U.S. spy agencies believe that the blast at a Gaza hospital a week ago was caused by a Palestinian rocket that suffered engine failure and broke apart into two pieces, with the warhead striking the hospital’s parking lot, intelligence officials said Tuesday.
Speaking to reporters by phone, the intelligence officials said they had “high confidence” in their assessment that it was not Israel that fired the rocket, but they were less certain which Palestinian militants fired the projectile on the evening of Oct. 17.
“We assess with high confidence that Israel was not responsible for the explosion at the hospital and that Palestinian militants were responsible,” an intelligence official said. “We assess with low confidence that Palestine Islamic Jihad was responsible for launching the rocket that landed on the hospital.”
U.S. officials had indicated previously that Palestine Islamic Jihad, or PIJ, was most likely responsible, and Israel blamed the group for the blast. The militant group shares Hamas’ goal of destroying Israel, but it is smaller than Hamas, which rules the Gaza Strip.
The evidence pointing to PIJ was based on intercepted conversations between suspected “Hamas affiliated militants” who appeared to be speculating about who was behind the rocket launch, the officials said.
"We can’t confirm who they are. We can’t confirm that what they are discussing in the intercept actually took place,” the official said.
The audio was not the same as that released publicly by Israel’s military previously, and it was vetted and deemed authentic, the official said.
The explosion at al-Ahli Hospital has sparked anger across the Arab world, with protesters embracing the version of events put forward by Palestinian officials and Hamas — that Israel was responsible.
The U.S. assessment was based on intelligence, “physical activity,” open source video and images that all pointed to a rocket blast and not a bomb dropped from an aircraft or an artillery round used by Israeli forces, the officials said.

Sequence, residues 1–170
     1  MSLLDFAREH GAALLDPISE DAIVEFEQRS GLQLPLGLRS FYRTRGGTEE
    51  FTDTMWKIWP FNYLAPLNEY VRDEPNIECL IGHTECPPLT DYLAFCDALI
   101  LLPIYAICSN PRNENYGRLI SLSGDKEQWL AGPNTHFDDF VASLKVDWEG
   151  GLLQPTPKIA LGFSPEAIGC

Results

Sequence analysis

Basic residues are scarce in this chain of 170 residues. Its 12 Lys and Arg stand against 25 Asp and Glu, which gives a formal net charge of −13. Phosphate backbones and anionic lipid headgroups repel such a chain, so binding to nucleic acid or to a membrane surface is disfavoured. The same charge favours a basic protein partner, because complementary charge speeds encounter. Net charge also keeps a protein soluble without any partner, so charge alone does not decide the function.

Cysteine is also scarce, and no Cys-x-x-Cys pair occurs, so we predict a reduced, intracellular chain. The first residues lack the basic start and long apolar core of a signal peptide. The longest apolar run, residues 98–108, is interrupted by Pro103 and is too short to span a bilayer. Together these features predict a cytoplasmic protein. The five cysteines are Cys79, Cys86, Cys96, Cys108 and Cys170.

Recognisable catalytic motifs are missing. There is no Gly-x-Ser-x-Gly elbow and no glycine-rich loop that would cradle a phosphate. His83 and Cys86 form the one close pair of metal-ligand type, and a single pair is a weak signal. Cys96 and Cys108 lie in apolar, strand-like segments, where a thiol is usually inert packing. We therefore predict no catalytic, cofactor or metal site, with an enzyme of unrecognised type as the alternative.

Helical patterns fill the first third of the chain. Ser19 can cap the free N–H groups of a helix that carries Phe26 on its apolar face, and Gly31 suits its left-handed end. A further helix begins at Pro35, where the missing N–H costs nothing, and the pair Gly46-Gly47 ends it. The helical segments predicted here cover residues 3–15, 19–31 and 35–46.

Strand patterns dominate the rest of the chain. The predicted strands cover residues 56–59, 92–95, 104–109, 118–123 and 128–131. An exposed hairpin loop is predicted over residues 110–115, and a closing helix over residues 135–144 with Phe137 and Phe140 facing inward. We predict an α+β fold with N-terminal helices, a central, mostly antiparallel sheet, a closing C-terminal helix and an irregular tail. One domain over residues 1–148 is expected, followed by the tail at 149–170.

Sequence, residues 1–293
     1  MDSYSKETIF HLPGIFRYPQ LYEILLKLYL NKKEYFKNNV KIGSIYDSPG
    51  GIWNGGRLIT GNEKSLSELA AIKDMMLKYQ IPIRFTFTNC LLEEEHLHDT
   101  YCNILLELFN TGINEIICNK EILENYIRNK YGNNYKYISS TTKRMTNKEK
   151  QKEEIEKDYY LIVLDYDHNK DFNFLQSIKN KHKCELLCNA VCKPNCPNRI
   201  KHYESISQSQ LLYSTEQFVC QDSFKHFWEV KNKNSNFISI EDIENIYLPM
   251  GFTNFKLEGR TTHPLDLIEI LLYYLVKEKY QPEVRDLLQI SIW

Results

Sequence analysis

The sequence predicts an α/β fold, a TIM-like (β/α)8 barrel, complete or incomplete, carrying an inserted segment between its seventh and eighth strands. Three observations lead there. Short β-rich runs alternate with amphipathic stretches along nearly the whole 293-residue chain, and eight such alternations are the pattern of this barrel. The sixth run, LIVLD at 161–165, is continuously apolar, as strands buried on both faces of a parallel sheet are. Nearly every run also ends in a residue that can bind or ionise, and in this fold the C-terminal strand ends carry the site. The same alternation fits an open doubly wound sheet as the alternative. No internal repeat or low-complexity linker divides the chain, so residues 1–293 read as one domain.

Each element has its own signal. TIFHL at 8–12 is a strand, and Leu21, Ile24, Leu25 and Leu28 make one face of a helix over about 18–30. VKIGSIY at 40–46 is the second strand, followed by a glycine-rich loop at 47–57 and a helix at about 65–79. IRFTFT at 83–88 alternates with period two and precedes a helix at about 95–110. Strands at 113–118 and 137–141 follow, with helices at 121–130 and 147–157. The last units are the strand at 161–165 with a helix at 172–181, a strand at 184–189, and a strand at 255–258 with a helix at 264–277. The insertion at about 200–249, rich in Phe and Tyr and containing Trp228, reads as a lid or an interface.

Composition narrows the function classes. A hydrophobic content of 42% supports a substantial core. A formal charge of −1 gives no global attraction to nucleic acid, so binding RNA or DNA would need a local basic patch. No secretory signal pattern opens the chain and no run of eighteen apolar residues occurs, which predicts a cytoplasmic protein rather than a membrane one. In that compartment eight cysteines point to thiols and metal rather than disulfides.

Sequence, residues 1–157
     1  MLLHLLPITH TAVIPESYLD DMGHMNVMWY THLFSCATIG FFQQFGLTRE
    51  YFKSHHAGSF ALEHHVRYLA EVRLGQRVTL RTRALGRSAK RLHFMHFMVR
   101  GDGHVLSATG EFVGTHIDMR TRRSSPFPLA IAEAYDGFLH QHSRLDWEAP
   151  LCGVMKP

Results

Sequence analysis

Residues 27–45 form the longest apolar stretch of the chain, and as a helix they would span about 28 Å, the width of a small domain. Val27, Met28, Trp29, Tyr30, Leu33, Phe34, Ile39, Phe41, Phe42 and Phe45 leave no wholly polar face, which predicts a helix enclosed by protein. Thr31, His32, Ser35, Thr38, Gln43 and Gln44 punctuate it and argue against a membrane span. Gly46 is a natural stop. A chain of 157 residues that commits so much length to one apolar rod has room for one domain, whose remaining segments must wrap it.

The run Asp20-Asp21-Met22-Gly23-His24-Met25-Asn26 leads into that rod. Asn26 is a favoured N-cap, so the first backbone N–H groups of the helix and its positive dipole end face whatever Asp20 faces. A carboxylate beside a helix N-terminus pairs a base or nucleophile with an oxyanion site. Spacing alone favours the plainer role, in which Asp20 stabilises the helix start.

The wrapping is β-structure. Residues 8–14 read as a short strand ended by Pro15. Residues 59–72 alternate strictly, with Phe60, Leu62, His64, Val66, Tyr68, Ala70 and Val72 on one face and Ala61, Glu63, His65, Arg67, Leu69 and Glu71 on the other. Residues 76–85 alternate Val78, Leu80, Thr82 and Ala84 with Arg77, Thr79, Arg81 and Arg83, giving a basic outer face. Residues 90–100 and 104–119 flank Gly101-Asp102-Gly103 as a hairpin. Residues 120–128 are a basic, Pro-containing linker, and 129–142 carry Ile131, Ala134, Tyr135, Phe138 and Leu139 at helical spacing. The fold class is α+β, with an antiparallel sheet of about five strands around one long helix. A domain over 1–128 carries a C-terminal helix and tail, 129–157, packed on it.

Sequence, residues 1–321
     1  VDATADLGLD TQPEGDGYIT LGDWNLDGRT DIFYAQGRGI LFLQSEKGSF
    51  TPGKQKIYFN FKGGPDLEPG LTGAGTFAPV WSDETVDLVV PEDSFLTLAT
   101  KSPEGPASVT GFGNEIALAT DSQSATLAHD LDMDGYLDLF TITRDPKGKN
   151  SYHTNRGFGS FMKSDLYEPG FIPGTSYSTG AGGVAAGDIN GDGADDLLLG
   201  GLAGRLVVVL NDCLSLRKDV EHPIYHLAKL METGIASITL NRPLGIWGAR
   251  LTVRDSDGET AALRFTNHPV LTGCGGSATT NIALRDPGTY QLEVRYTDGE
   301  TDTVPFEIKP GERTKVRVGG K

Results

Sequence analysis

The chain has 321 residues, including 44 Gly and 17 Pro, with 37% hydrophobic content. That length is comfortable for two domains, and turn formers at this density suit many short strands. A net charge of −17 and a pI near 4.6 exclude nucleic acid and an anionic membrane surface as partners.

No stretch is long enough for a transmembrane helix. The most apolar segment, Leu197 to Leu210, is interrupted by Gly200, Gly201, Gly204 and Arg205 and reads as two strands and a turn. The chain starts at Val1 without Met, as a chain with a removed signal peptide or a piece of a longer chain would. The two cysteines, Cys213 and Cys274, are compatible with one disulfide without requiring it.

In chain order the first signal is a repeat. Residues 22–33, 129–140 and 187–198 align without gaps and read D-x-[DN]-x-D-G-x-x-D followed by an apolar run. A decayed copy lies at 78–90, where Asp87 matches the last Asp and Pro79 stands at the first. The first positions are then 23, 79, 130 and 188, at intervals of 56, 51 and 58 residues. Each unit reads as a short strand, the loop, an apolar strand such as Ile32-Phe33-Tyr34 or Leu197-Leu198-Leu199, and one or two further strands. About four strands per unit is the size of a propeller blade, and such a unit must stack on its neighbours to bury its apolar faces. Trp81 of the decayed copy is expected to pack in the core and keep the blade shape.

“The damage at the hospital is consistent with what we would expect to see from a rocket and inconsistent with the larger craters and broader blast effects that we would expect to see … from an air-dropped munition or an artillery round,” the official said.
The explosion resulted in only light structural damage at the hospital, and there was no observable damage to the main hospital building, which was consistent with the effects of a rocket armed with a smaller warhead, the official said.
Open source video that was geolocated and taken from four locations showed a projectile launched inside Gaza traveling northeast, and 10 seconds later, there appears to be engine trouble based on the intensity of the rocket’s plume, the official said. Seconds later, there is a flash, with one object falling and then a second.
Among the videos analyzed by the intelligence community was one that was aired on Al-Jazeera television, the official said.
U.S. intelligence assesses that the first object falling was the rocket motor and the second was the rocket’s warhead, which caused a larger explosion, the official said.
"Based on those videos, our conclusion is that there was a catastrophic motor failure that likely occurred which separated the motor and the warhead," the official said. "The warhead landed in the hospital compound, and that was the second explosion and a much bigger one."
The official added: “We can’t rule out that new information is going to come to light that would change our assessment on this. But that said, we do have high confidence in our conclusions.”
Palestinian rockets often misfire and miss their targets, the intelligence official said.
“The failure rate for these domestically produced rockets is pretty high," the official said. "There are a lot of incidents in which they don’t make it out of Gaza. They land in the sea. They fail to reach their targets.
“So that does fit within a long-standing, yearslong pattern in terms of rocket performance,” the official added.
Intelligence officials said they did not have an estimate of the casualties caused by the blast.
“We don’t have any independent ability to verify the specific casualty count in Gaza,” the official said.
There was no evidence that Israel’s Iron Dome air defense system shot the rocket down, officials said.
Arab governments have been skeptical of the U.S. and Israeli assessment. “Nobody is buying that narrative in this part of the world,” Jordan’s foreign minister, Ayman Safadi, told NBC News last week.
A senior intelligence official who took part in the briefing said American diplomats had asked for more information to share with governments in the region.
Although an initial assessment was made the night of the blast, U.S. intelligence agencies compiled a more thorough analysis over several days, taking into account relevant video and images, the senior intelligence official said.